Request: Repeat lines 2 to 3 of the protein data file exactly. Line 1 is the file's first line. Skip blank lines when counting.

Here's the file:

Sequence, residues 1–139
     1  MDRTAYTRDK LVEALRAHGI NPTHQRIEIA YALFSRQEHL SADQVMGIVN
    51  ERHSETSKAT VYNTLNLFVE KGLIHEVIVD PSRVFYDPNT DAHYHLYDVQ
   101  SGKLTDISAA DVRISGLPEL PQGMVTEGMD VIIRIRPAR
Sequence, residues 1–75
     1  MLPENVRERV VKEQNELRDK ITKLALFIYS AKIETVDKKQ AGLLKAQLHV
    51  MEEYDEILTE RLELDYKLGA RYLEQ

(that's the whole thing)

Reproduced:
     1  MDRTAYTRDK LVEALRAHGI NPTHQRIEIA YALFSRQEHL SADQVMGIVN
    51  ERHSETSKAT VYNTLNLFVE KGLIHEVIVD PSRVFYDPNT DAHYHLYDVQ